Students, parents, and teachers were put to the test throughout the transition to a virtual education.
Summer break is rolling after COVID-19 pandemic put students, parents and teachers to the test. Teachers were challenged to think outside of the box while parents were forced to take on a larger role in their children’s education. Both parents and teachers showed some level of concern with their students, but also said they are eager for them to get back to in person instruction.
Jessica Grunden lives in Hillsdale and is a mom of five children whose ages range from 9 to 20, including a daughter with autism.
“When it first started, I put together a schedule and was extremely gung-ho on doing schoolwork, but as time went on it became harder for me just because all of the kids are on different learning levels,” Grunden said.
She recalls her 17-year-old daughter, Julia, having six Zoom meeting classes in one day.
“To be honest it felt a little excessive at times,” said Grunden.
Grunden said she felt like the shutdown was justified and “if people started getting really sick again, I would be okay with them being home, just because I’m more concerned about their safety.” “I’ll be honest though I would not be looking forward to the schooling,” she said.
While Grunden’s daughter, Allie, who was diagnosed with autism did receive services, including Zoom meetings and ADA therapy two hours a day, Monday through Friday, the virtual transition wasn’t a realistic scenario for every student.
Melissa Trott, an early childhood special education inclusion teacher who travels from class to class, teaches 3-to-5-year-olds in Hillsdale County and said the challenges she faced as a teacher attempting to adapt during the shutdown.
Trott said throughout the pandemic she provided her students with services via YouTube videos,
Zoom, Facebook, over the phone, and even printed off and delivered material to her families, however she said she doesn’t believe this was effective.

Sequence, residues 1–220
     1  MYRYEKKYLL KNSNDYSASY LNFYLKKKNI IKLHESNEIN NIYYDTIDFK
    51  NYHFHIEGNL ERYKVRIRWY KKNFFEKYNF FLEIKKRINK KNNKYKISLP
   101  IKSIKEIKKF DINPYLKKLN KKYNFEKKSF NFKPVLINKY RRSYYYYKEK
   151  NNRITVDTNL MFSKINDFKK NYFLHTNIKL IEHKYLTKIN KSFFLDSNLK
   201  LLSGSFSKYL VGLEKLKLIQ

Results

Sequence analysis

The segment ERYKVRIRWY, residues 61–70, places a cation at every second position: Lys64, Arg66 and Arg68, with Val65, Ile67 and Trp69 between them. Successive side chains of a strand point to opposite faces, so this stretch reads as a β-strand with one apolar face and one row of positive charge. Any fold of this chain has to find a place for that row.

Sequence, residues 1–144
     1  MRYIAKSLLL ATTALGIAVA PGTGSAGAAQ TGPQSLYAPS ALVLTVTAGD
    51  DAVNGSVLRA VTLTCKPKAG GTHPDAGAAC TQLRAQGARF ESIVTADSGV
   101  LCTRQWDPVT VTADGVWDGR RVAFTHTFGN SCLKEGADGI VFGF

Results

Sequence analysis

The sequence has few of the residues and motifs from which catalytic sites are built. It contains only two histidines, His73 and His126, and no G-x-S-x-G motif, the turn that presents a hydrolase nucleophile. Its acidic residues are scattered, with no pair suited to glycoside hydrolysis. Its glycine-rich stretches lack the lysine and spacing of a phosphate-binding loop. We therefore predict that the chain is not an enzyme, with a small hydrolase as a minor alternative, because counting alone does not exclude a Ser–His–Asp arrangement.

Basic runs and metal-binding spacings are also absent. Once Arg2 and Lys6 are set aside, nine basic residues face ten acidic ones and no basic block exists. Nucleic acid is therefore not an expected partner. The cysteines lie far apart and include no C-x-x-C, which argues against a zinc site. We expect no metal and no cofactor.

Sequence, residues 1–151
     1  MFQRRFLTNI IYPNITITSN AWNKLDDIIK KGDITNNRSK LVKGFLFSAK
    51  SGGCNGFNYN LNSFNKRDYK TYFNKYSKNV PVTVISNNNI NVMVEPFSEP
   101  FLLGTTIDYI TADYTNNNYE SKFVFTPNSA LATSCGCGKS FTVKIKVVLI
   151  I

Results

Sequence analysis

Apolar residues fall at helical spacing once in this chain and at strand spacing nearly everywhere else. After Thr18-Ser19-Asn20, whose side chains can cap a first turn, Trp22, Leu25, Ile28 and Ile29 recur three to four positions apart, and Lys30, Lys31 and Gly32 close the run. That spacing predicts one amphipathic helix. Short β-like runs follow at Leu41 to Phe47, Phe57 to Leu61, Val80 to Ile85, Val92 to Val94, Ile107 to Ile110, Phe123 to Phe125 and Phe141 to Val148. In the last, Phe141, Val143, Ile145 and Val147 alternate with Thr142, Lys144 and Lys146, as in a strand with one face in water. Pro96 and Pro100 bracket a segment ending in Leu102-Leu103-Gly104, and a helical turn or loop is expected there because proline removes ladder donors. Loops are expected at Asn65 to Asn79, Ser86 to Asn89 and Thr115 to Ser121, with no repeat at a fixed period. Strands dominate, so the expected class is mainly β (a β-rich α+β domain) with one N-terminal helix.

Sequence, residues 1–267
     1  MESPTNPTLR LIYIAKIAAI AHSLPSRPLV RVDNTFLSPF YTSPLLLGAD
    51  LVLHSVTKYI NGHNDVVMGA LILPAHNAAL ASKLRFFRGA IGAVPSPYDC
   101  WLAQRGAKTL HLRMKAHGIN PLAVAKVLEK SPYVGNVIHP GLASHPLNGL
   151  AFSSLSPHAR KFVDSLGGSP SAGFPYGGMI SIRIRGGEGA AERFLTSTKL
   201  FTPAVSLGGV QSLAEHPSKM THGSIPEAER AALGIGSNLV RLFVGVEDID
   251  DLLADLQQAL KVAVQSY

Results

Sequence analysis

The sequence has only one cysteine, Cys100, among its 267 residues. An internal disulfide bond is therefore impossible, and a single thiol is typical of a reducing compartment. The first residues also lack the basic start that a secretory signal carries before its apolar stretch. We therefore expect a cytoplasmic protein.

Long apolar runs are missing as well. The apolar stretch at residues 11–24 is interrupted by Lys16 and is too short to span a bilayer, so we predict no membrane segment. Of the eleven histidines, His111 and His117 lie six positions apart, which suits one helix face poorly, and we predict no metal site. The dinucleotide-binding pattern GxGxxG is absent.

“I did receive a lot of messages … texts from parents, even having conversations with them saying I can’t get my child to do the work or they won’t sit still and watch the videos,” said Trott.
Due to the age group she said she felt a lot of the work at home was busy work, not actually being done by her students.
“Really, I would just say compliance was a huge concern,” said Trott. “I don’t think the children were doing any of the work.”
Though she has not been given any direct correspondence about new safety guidelines when schools reopen at the end of the summer, Trott said she believes guidelines will be geared more toward general cleanliness, including increased hand washing and more stringent regulations with toys.
“At the age of 3 to 5 we can’t control if they are putting their fingers in their mouth, but we can control how many kids touch toys,” said Trott.
Michelle Ferro, a resident of Lansing and parent to an autistic daughter said that she believes online schooling has worked against her daughters’ best interests.
Before everything went online, she said her daughter had friends and was gaining from the social aspect at school, but after the shutdown Ferro said that she quickly became her daughter’s only source of socialization.
“I was really happy with one on one,” said Ferro. “She was working well with her classmates and she was saying hello to people and she was being responsive when someone said something to her.”
Because of her daughters’ special needs and new routine of being home all the time, Ferro said she believes it will take a while for her daughter to adjust to the school routine again.
“The online schooling was never a good idea for her,” said Ferro.